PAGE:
If you are browsing through the website, chances are high that you snore or sleep with someone that snores. Not only it keeps you or your bed partner up but is detrimental to everyone’s health.
It happens to everybody at some point in their lives – the phenomenon characterized by harsh, throaty sounds as air flows over relaxed mouth, nose, and throat tissues and causes them to vibrate loudly and quickly. It’s known as snoring and numerous ear, nose, and throat physicians throughout the world are all too familiar with it. While some adults only snore occasionally, it’s a chronic problem for many others. Most people snore of all ages snore when they are down with a cold that clogs up the breathing passages but it goes away when they recover from the flu or cold. For others, even on a normal day, they start snoring as soon as they sleep.
Snoring not only prevents you (and your partner) from getting a peaceful night’s rest, more serious health risks of snoring could develop down the road.
Complications and Effects of Snoring
Chronic or habitual snoring goes beyond being a nuisance to the person sleeping with you. Aside from disrupting your sleep and theirs, it can cause a number of unpleasant complications including:
- daytime drowsiness and fatigue
- difficulty concentrating or paying attention
- an elevated risk of heart problems, high blood pressure (hypertension), and stroke
- frequent frustration and moodiness
- an increased risk of involvement in a motor vehicle accident due to the lack of sleep
- an increased risk of behavioral problems (e.g. aggression, learning disabilities, etc.) in children suffering with OSA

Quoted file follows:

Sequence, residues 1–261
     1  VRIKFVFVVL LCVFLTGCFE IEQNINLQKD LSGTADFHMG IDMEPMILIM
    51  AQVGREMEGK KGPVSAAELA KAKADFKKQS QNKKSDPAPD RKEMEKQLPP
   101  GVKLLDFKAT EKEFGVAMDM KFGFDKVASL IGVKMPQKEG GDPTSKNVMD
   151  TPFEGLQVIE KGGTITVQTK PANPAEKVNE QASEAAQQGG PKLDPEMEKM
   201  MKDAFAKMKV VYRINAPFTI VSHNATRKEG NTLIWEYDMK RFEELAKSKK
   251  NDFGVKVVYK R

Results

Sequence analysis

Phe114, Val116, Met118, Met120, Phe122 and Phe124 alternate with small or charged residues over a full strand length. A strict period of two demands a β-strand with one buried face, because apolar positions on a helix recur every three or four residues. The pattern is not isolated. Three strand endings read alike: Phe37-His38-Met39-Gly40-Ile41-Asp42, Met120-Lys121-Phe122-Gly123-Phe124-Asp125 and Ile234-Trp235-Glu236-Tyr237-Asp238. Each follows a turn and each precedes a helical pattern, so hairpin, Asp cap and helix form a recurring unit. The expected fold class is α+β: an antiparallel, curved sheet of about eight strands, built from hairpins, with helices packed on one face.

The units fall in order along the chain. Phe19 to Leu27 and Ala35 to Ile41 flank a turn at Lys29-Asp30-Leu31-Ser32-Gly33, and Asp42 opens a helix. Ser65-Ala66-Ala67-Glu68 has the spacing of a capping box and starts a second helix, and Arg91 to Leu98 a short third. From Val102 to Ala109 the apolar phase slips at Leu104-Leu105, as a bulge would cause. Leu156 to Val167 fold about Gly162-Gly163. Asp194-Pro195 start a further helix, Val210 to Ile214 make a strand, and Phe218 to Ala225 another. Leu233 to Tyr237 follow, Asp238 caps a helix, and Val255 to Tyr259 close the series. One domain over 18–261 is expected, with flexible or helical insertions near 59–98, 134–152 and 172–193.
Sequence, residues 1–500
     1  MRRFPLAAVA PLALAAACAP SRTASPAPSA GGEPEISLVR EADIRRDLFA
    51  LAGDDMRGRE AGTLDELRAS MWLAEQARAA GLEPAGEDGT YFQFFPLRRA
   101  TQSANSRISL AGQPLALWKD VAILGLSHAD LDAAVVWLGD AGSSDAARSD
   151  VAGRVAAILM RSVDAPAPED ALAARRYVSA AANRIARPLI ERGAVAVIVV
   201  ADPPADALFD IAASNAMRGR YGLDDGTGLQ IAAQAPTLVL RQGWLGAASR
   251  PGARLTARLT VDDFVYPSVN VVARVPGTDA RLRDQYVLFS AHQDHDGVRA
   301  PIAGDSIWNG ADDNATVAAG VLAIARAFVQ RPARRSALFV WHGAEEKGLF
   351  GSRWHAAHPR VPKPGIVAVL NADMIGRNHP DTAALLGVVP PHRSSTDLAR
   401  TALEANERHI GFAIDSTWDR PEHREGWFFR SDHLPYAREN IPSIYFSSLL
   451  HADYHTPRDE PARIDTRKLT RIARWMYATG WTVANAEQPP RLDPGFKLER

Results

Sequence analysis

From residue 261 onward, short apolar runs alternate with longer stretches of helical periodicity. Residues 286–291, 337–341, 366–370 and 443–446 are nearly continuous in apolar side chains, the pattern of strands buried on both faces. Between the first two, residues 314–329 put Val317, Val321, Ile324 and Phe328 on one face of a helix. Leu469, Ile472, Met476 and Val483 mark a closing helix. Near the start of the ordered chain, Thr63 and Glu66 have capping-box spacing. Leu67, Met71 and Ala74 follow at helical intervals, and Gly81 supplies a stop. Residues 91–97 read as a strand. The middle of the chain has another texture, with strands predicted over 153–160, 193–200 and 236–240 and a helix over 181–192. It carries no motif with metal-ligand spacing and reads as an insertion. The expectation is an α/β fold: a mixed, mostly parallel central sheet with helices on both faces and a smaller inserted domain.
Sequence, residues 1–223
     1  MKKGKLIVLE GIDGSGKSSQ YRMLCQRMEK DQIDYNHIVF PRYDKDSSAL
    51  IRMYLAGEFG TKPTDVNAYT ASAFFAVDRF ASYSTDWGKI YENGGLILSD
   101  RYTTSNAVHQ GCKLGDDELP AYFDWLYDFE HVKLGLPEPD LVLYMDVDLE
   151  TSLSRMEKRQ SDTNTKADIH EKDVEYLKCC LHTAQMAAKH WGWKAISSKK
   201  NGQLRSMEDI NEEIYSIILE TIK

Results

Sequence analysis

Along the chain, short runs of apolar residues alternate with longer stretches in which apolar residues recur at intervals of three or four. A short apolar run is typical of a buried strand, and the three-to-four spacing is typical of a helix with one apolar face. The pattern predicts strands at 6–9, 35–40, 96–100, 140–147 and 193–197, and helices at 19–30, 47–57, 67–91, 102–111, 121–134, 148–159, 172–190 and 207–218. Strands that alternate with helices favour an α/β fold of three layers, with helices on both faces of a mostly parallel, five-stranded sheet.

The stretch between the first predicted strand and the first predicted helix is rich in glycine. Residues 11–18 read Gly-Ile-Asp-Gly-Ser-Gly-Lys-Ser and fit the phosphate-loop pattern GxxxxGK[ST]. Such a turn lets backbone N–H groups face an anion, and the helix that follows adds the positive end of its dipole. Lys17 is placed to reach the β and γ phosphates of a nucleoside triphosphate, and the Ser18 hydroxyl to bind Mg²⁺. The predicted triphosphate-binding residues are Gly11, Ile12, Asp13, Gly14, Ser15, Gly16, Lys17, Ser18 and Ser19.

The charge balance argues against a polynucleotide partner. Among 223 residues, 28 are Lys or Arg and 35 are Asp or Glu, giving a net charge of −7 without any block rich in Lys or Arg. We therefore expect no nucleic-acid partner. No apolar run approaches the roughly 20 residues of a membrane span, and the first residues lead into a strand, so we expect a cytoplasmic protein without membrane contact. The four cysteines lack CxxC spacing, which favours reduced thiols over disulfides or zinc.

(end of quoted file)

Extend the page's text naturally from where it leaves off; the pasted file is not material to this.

If you’ve noticed any of these issues, it may be time to speak with your doctor or your healthcare provider about the effects of snoring and the health risks of snoring. Snoring may be associated with Obstructive Sleep Apnea, a sleeping disorder characterized by breathing stoppages during sleep. Some of the more common symptoms of snoring associated with OSA include:
- breathing interruptions while sleeping (usually witnessed by your partner)
- difficulty concentrating
- excessive daytime fatigue or sleepiness
- high blood pressure (hypertension)
- nighttime chest pains
- restless sleep
- snoring so loudly that it hinders your partner’s ability to sleep
- waking up with a sore throat
- waking up with headaches
Furthermore, children with snoring issues have poor attention spans, behavioral issues, or poor school performance. In cases of OSA, loud snoring followed by breathing stoppages is a common occurrence. You may even be jolted awake by gasping sounds or loud snorts. This breathing and non-breathing pattern may occur 5 times or more during every hour that you sleep.
What are the Health Risks of Snoring?
Aside from the above effects of snoring, there are numerous health risks of snoring that everyone should be aware of including the ones listed below:
Arrhythmias or irregular heart rhythms –